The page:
Some of the best moments in cinematic history were created in the distant past, a notion underscored this week in L.A.'s media art scene with a return to the 1940s and the work of avant-garde icon Maya Deren, the extraordinary work of Claude Lanzmann in his landmark documentary Shoah, and in Christian Marclay's remarkable 24-hour film The Clock, created entirely from images from the past.
Thursday, March 22
Daniel Eisenberg's film The Unstable Object screens tonight at 8:30 p.m. at REDCAT. Described as "an elegant and visually sensual essay on contemporary models of production," the film studies the making of hand-built cars, wall clocks assembled by blind people, and Turkish cymbals crafted by hand. The film explores the relationships among production, the global economy and people with an exquisite attention to detail. (Read my review here)
Friday, March 23
Avant-garde filmmaker Maya Deren lived and worked in Los Angeles in the 1940s and '50s, creating some of the most celebrated films in cinema history. Her work is currently on view in LACMA's exhibition In Wonderland: The Surrealist Adventures of Women Artists in Mexico and the United States, and to complement that show, the museum has organized Dancer in the Dark: Maya Deren on Film, featuring two screening events. Tonight at 7:30, the screening presents Deren's short works, mixing her haunting and hallucinatory film Meshes of the Afternoon with the artist's extraordinary dance films. At 9:20, In the Mirror of Maya Deren, a documentary portrait, will screen.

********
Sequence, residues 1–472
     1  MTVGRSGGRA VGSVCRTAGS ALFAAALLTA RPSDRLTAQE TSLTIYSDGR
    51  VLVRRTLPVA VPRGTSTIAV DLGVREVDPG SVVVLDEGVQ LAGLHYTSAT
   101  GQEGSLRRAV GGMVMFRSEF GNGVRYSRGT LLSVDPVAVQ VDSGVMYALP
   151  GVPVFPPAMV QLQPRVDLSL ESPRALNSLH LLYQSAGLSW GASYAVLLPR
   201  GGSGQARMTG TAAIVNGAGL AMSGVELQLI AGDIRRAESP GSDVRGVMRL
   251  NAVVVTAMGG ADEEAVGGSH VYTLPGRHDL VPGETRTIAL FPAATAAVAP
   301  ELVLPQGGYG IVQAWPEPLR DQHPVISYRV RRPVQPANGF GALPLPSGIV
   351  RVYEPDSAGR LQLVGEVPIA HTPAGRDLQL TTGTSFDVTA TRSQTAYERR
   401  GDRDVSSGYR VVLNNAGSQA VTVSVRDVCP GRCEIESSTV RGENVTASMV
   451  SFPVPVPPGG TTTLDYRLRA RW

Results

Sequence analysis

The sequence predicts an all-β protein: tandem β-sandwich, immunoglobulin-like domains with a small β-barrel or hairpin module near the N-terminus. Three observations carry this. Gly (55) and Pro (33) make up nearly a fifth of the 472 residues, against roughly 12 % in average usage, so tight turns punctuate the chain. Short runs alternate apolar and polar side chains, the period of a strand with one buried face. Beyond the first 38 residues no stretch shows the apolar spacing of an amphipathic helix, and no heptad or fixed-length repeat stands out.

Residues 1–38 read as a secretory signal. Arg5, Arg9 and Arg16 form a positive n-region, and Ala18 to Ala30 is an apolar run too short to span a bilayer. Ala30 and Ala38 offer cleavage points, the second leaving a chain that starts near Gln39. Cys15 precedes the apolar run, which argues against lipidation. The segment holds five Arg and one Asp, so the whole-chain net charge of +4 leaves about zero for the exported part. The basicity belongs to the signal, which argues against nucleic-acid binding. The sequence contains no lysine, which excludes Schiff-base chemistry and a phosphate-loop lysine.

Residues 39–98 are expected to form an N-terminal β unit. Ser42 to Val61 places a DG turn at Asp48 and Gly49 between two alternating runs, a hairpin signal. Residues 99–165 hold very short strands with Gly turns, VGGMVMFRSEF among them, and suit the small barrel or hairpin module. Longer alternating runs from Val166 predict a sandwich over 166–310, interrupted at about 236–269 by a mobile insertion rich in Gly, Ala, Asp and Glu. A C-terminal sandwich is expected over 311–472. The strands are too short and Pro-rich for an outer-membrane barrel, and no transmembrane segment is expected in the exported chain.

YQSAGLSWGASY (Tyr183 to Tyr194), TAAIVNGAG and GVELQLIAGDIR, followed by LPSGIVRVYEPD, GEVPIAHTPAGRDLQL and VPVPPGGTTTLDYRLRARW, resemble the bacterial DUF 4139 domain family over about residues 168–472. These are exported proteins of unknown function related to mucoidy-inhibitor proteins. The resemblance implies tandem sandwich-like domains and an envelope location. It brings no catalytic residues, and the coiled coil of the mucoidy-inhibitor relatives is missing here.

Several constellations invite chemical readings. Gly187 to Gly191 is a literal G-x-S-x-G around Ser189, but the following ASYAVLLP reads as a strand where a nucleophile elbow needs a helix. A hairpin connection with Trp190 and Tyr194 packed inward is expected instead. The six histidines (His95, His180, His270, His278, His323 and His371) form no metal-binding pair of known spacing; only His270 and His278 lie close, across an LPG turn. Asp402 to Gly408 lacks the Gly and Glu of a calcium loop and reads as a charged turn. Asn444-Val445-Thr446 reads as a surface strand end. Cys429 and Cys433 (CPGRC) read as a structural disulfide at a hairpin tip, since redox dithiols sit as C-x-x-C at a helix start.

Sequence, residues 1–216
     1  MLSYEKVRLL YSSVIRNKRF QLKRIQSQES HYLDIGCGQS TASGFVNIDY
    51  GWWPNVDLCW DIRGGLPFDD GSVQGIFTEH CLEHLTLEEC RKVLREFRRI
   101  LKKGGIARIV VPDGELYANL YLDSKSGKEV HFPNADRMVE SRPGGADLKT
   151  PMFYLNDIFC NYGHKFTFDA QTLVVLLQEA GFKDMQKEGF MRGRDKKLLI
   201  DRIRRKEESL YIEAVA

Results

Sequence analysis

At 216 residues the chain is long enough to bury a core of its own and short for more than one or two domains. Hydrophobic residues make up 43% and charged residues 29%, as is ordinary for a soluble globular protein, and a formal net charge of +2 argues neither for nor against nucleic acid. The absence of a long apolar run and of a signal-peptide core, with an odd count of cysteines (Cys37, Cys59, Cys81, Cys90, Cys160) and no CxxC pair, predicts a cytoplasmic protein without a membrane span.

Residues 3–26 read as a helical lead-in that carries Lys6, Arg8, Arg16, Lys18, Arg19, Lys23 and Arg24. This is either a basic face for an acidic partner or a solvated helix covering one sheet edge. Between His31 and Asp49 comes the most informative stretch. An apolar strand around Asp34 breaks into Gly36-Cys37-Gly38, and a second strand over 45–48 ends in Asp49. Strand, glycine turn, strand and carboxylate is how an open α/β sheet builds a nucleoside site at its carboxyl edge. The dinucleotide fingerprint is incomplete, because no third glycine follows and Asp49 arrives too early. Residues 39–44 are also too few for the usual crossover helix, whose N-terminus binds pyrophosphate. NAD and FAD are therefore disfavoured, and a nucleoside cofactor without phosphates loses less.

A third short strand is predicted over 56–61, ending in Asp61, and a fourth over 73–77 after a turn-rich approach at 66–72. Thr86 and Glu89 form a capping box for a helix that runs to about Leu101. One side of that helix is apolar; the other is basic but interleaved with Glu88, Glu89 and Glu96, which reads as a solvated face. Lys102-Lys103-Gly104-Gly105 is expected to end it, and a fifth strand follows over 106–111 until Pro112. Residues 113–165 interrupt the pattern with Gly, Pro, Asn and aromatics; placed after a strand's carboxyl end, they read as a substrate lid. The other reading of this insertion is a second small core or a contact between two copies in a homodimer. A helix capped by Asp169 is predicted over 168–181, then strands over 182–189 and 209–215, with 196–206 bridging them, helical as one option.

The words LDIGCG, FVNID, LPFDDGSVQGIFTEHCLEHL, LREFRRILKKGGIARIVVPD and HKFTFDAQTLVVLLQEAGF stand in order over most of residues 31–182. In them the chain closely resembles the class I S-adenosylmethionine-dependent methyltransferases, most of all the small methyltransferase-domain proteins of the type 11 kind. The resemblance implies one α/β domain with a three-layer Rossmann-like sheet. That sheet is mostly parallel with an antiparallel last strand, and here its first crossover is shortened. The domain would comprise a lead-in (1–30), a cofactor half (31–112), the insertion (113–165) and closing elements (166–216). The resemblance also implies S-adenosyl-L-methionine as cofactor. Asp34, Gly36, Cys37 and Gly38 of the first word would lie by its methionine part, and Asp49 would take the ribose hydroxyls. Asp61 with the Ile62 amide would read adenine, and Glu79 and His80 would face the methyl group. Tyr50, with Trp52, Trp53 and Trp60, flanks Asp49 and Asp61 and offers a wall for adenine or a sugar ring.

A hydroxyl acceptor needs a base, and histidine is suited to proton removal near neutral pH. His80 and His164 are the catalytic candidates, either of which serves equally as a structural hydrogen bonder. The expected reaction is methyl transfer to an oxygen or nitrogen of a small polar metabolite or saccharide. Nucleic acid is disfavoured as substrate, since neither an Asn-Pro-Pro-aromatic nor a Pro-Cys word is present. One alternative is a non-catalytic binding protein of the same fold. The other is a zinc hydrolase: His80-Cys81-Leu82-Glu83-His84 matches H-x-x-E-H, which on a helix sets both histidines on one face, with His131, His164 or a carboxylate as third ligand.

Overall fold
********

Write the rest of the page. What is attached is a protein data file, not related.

Saturday, March 24
Christian Marclay's 24-hour collage film The Clock screens all day and night at LACMA, starting at noon. The film is composed of thousands of film and TV clips that together create a functioning clock, marking each hour as it goes by.
The Echo Park Film Center presents an expanded cinema performance tonight titled Connective Tissue that focuses on the recycled use of other people's materials. Filmmakers Adriana Vila and Luis Macias will be on hand to show the power of recycled images, and the reinvention of meaning as new relationships among images are formed. The performance starts at 8:00 p.m.
Sunday, March 25
Gregg Araki's 1992 film The Living End tackled the topic of AIDS at a moment when it was largely being ignored in mainstream filmmaking. Araki, a key figure in the history of L.A. independent film as well as the 1990s Queer Cinema movement, went on to make a long list of subsequent feature films, but The Living End, which has been remastered, remains a favorite for its sense of reckless energy. The UCLA Film & Television Archive presents the film tonight at 7:00 p.m. at the Billy Wilder Theater.
Monday, March 26
The Hammer Museum presents Claude Lanzmann's Shoah, an extraordinary film based on interviews with Holocaust survivors and perpetrators in 14 countries. The eight-hour film was not only a landmark in films about the Holocaust due to its combined intensity and intimacy, but in documentary filmmaking as well. The museum will screen the film in two parts, with the First Era (273 minutes) tonight starting at 7:00 p.m and the Second Era (230 minutes) screening tomorrow, also at 7:00 p.m.